obody else could do it, has a debtor named James McBride, residing on Franklin street. McBride owesMcBride owes Peters one dollar and sixteen cents; Peters had called one hundred and sixteen times, at least, to demand payment — McBride having always a good reason for requesting Mr. Peters to call again. Thee law of General Winder was in operation, and McBride had no funds but such as would make him liablsaid Peters eagerly. "No you don't," answered McBride; "I can't be trapped that way — you want to h sum as one dollar and sixteen cents ? " said McBride in a tone of indignant expostulation; "I am a, soon after the commencement of watch hours, McBride was roused by a startling knock at his front sixteen cents." "Get away, you rowdy," cried McBride from aloft, "or I'll throw something at you."der and vowed he could knock all night unless McBride should come down and honorably discharge the Mr. Peters did not take into consideration.--McBride roared from the window for the watchmen, who,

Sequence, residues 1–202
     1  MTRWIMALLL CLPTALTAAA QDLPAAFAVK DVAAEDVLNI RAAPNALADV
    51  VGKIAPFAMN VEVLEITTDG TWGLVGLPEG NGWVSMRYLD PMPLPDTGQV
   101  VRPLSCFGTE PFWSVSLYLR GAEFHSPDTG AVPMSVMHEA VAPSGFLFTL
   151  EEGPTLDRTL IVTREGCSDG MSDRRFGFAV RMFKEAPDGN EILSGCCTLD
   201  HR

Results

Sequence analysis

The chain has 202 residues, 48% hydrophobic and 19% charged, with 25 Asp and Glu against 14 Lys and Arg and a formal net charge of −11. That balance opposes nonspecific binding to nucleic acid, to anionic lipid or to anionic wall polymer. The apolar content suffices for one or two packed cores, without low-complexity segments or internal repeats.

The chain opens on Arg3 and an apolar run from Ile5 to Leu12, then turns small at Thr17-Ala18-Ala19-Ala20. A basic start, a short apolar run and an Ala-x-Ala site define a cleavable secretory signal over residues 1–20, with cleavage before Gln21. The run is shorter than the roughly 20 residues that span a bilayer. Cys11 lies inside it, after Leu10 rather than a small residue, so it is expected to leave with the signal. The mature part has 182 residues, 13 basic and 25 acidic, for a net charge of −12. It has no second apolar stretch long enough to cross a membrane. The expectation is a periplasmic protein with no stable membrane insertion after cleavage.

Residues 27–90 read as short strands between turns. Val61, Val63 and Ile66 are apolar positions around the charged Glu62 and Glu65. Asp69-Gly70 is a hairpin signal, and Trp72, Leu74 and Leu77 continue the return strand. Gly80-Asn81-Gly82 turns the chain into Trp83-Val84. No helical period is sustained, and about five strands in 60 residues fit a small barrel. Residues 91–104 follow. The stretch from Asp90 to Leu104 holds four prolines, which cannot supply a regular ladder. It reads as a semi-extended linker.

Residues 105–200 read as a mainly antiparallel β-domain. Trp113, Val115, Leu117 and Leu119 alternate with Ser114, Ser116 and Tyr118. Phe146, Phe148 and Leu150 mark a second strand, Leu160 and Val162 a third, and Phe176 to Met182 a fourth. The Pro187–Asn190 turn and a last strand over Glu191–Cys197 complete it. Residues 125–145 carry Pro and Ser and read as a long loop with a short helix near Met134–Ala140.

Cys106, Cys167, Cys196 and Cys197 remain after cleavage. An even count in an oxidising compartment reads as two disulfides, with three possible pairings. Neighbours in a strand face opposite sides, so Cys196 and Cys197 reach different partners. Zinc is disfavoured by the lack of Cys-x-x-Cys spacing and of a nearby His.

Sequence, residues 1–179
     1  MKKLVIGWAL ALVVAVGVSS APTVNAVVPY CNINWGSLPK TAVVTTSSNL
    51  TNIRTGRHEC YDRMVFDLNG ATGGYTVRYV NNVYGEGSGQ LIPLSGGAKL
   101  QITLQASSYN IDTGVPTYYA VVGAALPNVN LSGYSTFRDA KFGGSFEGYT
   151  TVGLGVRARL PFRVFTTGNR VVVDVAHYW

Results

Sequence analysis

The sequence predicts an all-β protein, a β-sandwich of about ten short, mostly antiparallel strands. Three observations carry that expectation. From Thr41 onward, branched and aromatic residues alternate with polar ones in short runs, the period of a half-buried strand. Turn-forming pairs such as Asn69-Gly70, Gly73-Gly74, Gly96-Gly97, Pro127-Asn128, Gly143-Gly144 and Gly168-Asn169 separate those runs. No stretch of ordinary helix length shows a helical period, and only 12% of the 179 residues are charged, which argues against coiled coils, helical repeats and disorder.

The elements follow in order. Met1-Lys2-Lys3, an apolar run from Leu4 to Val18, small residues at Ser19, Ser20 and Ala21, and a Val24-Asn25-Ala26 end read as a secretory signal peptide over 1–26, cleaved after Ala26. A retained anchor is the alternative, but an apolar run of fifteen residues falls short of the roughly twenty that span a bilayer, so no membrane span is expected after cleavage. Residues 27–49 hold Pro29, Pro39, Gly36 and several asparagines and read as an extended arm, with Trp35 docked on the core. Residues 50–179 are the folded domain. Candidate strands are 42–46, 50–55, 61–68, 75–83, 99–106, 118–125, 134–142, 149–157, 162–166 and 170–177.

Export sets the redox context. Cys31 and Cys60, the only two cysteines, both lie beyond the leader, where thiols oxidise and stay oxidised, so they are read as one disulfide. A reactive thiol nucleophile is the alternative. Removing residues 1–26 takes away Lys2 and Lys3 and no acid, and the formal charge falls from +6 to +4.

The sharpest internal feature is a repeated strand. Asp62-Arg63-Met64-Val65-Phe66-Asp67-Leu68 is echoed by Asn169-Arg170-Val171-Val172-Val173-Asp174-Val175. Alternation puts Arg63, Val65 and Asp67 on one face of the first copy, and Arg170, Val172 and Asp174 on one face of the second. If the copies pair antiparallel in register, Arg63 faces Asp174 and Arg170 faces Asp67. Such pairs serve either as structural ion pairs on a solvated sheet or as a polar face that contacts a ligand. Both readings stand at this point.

moving towards Moorefield. A general engagement is now looked for in a day or two. There is much indicating that the rebels will attempt to flank General Sheridan in his position at Cedar creek. Early has gone to Richmond. John Hart, James McBride, John Holland and Patrick Lyons, in the employ of Smith & Brother, newsmen, who furnish Sheridan's army with newspapers as newsboys, were captured by guerrillas a day or two since while on their way from Middletown to Newtown with papers. McMcBride and Lyons had about five hundred dollars with them belonging to themselves. Hart had just been released from Richmond, having been captured in August last. Hood across the Tennessee River. A Nashville correspondent of the New York Herald, after stating that Hood's entire army is now north of the Tennessee river, having effected a crossing at Cypress creek, two and a half miles below Florence, Alabama, gives his entire force as thirty-three thousand five hundred, five thousand of